Over the Christmas holidays, Dec. 21-22, the Lac Courte Oreilles tribe offered the public a chance to catch a glimpse of the Hideout — the former lodge of gangster Al Capone in the Town of Radisson.
Most spent “Christmas at the Hideout” exploring the ground floor of the main house, and a few walked down to the basement of the historic site. But the locally-gathered rocks that comprise the walls of the stone structure intrigued one visitor in particular.
Michael Heim, a professor of natural sciences at Lac Courte Oreilles Ojibwe College, has given many public presentations on the geology of northern Wisconsin. He pointed out that since the stones had been protected by the roof of the structure, which was built in the 1920s, there is a well-preserved area of rocks that are not covered by lichen or moss.
Upon close inspection, the walls revealed that a variety of different regional rocks were used in the construction of the lodge. Heim found in them a collection of geological material that also opens a window into the ancient history of the region. Most of the rocks were transported here from various points to the north by the last continental glaciation, around 12,500 years ago.
Interestingly, several of the stones have volcanic origins. In the Lake Superior region, Heim said, three “stratovolcanoes” — the explosive high-peaked kind like Mt. St. Helens — occurred during the time of the midcontinental rift, about 1 billion years ago.
“Rhyolite (a reddish, pock-marked rock) is from lava consisting of melted continental crust,” he said. “Continental crust contains a great deal of silica, which makes the lava sticky like Silly Putty. Thus, you don’t find much of it, as it doesn’t flow very well. Black basalt, however, originates as lava from melted oceanic crust and contains very little silica, so it is much more abundant.”
He added that the Hawaiian Islands are made mostly of basalt; the lava flows over the island like pancake syrup.
Another type of basalt he pointed out was vesicular basalt. It appears splattered with gas bubbles.
“The bubbles (vesicles) have partly or wholly filled with minerals deposited by groundwater moving through the rock over a long stretch of time,” he said. “The lower pressure in the bubbles compared to the surrounding rock caused the minerals to come out of the solution. This is exactly the same way that stalactites and other cave formations form. Agates, a local semi-precious stone, formed this way within vesicular basalt.”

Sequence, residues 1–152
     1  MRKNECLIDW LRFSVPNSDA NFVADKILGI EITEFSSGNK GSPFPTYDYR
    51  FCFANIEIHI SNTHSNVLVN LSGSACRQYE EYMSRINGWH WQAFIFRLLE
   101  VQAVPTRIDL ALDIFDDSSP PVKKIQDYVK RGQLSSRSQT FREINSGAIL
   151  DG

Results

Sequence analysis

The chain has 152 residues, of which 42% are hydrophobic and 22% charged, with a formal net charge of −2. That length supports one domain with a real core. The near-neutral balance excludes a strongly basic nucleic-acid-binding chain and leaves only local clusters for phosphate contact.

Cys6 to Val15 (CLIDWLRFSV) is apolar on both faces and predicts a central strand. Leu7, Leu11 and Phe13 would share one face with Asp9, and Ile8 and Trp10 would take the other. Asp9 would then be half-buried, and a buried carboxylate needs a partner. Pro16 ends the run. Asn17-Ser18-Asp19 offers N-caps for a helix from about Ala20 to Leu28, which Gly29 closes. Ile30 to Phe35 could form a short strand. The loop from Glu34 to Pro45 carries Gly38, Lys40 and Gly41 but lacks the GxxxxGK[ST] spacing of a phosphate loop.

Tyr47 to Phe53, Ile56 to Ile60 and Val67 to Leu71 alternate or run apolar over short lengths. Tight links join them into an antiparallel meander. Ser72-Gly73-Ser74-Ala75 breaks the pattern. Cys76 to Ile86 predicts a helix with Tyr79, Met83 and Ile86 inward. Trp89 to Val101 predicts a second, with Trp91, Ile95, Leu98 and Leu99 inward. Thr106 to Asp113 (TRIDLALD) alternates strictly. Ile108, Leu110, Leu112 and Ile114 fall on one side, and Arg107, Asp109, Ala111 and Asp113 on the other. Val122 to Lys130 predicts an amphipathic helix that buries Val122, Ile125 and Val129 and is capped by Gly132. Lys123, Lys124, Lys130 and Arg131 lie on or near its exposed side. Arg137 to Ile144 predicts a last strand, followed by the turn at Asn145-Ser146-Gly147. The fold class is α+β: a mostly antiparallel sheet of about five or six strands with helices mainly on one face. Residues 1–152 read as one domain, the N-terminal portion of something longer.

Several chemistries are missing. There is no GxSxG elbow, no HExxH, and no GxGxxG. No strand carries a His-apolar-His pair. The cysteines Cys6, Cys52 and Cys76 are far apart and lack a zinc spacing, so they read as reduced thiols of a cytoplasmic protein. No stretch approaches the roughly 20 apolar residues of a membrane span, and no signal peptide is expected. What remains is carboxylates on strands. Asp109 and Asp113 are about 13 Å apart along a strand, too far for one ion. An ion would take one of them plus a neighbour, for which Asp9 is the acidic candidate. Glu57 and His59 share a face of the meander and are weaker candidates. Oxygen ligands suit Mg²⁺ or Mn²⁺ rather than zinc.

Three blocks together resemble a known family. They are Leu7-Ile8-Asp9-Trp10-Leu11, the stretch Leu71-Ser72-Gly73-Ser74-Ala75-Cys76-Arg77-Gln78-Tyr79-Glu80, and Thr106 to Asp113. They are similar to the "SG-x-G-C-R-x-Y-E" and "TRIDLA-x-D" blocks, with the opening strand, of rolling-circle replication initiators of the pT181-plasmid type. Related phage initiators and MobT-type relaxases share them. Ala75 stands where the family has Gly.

Another rock that he said “resembles a pizza” is granite.
“It originated as magma from melted continental crust,” he said. “The relatively large size of the mineral grains indicates that it cooled deep underground. There, insulated from the cool temperatures at the surface, the mineral crystals had time to grow as the magma slowly cooled. The larger the crystals comprising the rock, the deeper in the earth it cooled. The pink rectangular mineral is orthoclase feldspar, while the grayish clear mineral is quartz. The feldspar slowly weathers into clay, while the quartz weathers into sand.”
According to Heim, most of the sand near Hayward and the clay near Lake Superior come from the weathering of granitic continental crust.
Corners, windows, door frames
Heim also pointed out how the cut stones for the corners and the framing for the windows and doors is quartzite, the hardest rock. Unlike the other stones, it was quarried locally and was used where strength and durability were required.
He was especially intrigued by the shaped quartzite pieces above one of the windows.